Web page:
Anonymous hackers behind the @OpLastResort twitter account have hacked U.K. and Chinese government websites in response to the nine-hour detention of Brazilian national David Miranda, partner of Guardian journalist Glenn Greenwald, at London’s Heathrow Airport.
Miranda was held by British authorities under a counterterrorism law after visiting documentary filmmaker Laura Poitras in Berlin. Poitras and Greenwald are both involved with publishing classified information leaked by former NSA contractor Edward Snowden.
The hackers gained access tomolevalley.gov.uk, a site used by the local government district in Surrey, a county in southeastern England.
In an effort to satirize Miranda’s detention under counterterrorism law, the Anons described the «d0x,» or leaked personal information, of US military and diplomatic personnel they then posted as containing “vital, anti-terror surveillance information.” Declaring their outrage over the targeting of Greenwald’s loved ones, the hackers also posted what appears to be personal information belonging to the officials’ family members.
After several hours, the hacked molevalley.gov.uk domain was taken down, presumably by the system’s administrators. The d0x was then reposted to ptzfcg.gov.cn, the top-level domain for mainland China. The .cn domain is managed through a branch of the Chinese Ministry of Information Industry.
The @OpLastResort Twitter account wrote:
— OpLastResort (@OpLastResort) August 19, 2013
The @OpLastResort account had remained dormant for several months before the publishing of classified information leaked by Edward Snowden. OpLastResort is responsible for a number of high-profile hacks against the US government, the Federal Reserve and financial institutions that took place earlier this year.
“We expect there to be many pointed questions asked in the coming days, both domestically and internationally as to how and why an already ridiculously broad and draconian act of law was ripped of its last remaining shred of legitimacy in what cannot be described as anything other than an act of pure spite and intimidation, an act intended to exert a chilling effect on a stream of high-quality journalistic reporting whose historic importance cannot possibly be overstated,” read a message posted to the molvevalley.gov.uk domain by OpLastResort Anons.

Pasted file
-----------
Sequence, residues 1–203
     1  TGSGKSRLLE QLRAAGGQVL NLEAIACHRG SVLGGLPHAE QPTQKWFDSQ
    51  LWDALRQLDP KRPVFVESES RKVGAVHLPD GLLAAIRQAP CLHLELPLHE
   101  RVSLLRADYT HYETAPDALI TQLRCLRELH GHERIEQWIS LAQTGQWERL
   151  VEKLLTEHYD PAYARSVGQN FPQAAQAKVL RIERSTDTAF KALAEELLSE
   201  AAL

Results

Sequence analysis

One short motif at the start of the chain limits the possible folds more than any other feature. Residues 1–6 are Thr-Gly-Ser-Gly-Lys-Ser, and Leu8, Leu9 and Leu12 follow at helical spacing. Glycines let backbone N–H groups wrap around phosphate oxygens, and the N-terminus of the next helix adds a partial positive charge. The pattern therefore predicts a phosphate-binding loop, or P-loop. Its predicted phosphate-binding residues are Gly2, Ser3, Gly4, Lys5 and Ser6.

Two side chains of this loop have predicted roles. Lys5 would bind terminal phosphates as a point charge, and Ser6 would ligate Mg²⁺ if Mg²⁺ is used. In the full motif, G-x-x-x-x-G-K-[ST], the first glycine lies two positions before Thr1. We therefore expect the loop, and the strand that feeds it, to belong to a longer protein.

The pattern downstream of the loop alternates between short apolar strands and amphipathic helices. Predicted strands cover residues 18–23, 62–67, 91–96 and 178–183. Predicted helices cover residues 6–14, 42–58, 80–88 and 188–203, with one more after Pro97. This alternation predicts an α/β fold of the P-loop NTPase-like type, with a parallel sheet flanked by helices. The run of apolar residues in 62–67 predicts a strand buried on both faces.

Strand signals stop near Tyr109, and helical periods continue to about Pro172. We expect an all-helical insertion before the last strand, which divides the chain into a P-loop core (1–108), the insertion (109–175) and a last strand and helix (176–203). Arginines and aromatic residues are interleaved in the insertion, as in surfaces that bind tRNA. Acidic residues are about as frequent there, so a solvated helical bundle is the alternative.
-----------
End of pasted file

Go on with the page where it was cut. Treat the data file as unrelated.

“We encourage anyone who is interested in preventing terror attacks to fully investigate these spouses and siblings and mothers and fathers and son and daughters, before they too are embroidered [sic] in terrible terror plots of the most heinous variety,” read the message.
The personal information includes addresses, dates of birth and email addresses hosted at various U.S. government domains including state.gov and army.mil. The information also includes work and personal phone numbers and ZIP codes of spouses, siblings and children.
Before Miranda was released on Monday, U.K. authorities seized a number of his personal effects, including his laptop, cellphone, various video game consoles, DVDs and portable USB drives.
“This was obviously designed to send a message of intimidation to those of us working journalistically on reporting on the NSA and its British counterpart, the GCHQ,” wrote Greenwald following Miranda’s detention.
“But the last thing it will do is intimidate or deter us in any way from doing our job as journalists. Quite the contrary: it will only embolden us more to continue to report aggressively.»
This article originally was published at Global Post.